Canva is an online design and publishing tool with a mission to empower everyone in the world to design anything and publish anywhere. Such a mission statement is a persuasive element in their EVP, calling in applicants sharing similar values.
Their perks and benefits are also compelling. Who wouldn’t want free lunch and breakfast prepared by in-house chefs, free memberships to local fitness studios, clubs and sports, relocation benefits, and more?
On their “Why Canva?” page, they tell a powerful story of why it’s so great to work for them.
In their own words, they’re “empowering people to design anything, and publish anywhere.”
Canva’s EVP is about empowering each and every employee and providing immense opportunities to work on unique and exciting projects.
5. Made Tech
Made Tech provides digital, data and technology services to the UK public sector, and they have a great employee value proposition.
Their careers page sports a catchy header which embodies both their mission and company culture: “Use your skills to transform our society. Join a team with a purpose.”
Further down the page, they include testimonials which serve to emphasise an inclusive, supportive and welcoming team culture: “The team at Made Tech are some of the friendliest, smartest and most helpful people I’ve come across. Their willingness to teach across all manner of levels and expertise is inspiring!”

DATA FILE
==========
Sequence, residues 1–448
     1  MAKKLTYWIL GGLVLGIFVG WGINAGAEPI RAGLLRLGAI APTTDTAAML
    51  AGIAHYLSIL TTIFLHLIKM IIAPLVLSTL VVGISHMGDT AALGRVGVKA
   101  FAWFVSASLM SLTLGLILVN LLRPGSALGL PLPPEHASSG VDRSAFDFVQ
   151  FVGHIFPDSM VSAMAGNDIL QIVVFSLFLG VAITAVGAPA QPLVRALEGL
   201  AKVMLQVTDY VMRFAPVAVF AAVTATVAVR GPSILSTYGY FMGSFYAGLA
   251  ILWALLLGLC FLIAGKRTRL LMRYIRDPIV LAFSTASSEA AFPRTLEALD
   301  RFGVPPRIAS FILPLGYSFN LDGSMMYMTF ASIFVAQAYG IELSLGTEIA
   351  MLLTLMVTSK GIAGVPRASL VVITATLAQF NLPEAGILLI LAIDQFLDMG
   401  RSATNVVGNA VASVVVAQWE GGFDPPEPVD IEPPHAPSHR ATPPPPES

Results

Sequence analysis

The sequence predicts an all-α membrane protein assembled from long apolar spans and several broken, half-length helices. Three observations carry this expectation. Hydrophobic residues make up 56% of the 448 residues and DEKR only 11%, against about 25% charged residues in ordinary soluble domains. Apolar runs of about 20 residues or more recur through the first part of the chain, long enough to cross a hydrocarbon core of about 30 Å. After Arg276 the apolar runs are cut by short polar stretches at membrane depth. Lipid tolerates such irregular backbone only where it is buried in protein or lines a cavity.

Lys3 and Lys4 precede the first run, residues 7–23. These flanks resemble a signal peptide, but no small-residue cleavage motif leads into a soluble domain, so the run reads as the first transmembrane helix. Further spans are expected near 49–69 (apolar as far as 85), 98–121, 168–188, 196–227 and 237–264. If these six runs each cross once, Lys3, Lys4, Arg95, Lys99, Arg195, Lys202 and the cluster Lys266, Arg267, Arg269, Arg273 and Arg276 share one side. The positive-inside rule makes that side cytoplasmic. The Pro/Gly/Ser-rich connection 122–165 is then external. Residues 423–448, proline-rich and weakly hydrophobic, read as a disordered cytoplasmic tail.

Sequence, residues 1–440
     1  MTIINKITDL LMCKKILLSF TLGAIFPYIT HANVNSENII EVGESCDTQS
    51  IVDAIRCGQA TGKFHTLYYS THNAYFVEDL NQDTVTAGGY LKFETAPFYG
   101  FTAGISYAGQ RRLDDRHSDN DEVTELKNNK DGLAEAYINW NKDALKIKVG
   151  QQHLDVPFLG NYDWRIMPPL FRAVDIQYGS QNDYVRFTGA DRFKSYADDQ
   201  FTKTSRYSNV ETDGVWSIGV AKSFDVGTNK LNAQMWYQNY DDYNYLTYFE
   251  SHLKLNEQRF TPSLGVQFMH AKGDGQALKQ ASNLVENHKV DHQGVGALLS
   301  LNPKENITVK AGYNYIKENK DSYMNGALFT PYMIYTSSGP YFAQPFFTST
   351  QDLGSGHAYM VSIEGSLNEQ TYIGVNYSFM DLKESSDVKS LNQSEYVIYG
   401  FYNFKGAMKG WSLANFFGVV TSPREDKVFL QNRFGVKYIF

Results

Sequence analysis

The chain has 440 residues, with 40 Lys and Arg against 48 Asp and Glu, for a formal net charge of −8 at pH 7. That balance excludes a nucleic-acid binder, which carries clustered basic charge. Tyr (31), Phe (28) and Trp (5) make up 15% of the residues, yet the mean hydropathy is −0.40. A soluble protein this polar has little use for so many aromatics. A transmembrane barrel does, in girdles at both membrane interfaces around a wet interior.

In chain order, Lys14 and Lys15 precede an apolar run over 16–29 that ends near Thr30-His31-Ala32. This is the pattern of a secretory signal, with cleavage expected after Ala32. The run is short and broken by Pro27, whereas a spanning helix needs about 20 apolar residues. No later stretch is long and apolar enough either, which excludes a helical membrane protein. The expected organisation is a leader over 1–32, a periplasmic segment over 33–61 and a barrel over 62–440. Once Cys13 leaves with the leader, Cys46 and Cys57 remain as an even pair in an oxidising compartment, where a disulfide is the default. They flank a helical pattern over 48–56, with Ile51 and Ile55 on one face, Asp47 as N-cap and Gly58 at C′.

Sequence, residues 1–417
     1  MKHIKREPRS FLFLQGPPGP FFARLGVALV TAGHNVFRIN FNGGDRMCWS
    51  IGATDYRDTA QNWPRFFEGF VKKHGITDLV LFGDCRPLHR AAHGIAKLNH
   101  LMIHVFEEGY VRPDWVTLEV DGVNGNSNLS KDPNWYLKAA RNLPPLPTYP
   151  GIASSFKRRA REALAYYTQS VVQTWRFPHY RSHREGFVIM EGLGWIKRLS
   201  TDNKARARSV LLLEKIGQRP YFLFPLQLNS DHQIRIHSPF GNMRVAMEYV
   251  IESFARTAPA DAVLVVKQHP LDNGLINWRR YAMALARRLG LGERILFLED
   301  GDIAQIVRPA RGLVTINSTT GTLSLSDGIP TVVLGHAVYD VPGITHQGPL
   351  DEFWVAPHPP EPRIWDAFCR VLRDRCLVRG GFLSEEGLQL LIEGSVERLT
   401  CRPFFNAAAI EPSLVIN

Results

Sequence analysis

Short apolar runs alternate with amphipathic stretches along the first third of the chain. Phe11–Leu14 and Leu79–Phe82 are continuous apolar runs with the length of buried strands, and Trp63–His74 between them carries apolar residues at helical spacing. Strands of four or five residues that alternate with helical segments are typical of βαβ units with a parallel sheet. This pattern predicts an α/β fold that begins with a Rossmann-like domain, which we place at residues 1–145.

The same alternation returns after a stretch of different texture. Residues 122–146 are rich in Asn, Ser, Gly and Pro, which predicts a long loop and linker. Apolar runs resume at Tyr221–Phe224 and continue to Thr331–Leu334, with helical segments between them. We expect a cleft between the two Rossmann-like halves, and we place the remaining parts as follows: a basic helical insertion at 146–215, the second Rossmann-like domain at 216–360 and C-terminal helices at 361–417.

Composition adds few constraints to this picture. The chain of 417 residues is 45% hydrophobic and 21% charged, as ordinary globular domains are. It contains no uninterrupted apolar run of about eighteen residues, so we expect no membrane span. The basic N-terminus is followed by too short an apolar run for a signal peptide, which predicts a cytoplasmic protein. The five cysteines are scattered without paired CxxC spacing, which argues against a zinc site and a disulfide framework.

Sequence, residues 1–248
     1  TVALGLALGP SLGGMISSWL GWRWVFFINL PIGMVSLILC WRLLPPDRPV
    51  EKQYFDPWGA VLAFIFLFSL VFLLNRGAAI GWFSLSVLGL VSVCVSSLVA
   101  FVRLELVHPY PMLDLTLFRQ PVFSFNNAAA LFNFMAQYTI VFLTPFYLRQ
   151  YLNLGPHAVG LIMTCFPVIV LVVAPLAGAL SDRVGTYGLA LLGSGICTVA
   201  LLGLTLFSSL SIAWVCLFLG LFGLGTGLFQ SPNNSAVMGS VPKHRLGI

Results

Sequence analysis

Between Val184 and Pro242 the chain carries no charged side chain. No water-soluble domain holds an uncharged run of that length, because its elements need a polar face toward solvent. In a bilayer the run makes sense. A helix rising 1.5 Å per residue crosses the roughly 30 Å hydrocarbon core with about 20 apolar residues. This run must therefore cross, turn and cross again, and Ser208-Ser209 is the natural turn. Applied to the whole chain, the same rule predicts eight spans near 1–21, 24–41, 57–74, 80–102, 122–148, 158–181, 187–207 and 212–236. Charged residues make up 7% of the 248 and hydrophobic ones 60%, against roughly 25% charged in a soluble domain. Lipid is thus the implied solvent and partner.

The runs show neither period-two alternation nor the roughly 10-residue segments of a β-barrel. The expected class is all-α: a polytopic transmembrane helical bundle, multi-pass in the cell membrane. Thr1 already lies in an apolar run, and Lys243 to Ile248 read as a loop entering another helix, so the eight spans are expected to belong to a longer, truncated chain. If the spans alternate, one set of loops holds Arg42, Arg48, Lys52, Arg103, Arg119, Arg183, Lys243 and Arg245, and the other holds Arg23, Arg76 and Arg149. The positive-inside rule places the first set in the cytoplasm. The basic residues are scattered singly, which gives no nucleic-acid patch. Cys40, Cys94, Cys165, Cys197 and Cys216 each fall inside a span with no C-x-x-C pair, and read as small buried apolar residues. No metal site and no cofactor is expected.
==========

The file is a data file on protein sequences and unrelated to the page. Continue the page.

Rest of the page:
Their success in workplace engagement and employee empowerment is proven in their certifications from Best Companies to Work For, and their open source handbook is a testament to their commitment to transparency.
On their website, MadeTech highlights a handful of perks that make their EVP memorable, like flexible holidays, flexible hours, flexible parental leave, remote work, paid counselling, financial and legal advice, help to buy tech, and many more.
This is an EVP and a half, even if we do say so ourselves.
The wrap up
This was a deep dive on everything employee value proposition, with the rationale for why you need one and actionable advice to develop a strong EVP to boost your business.
It might seem daunting to start with, but that’s what we’re here to help with. Managing your EVP is easy with tools like our smart applicant tracking system (ATS), paperless onboarding and performance reviews within Employment Hero’s HR software.
If you need some help with employer branding, then check out our guide to employer branding.
And don’t miss our essential EVP strategy worksheet.
The workplace culture bundle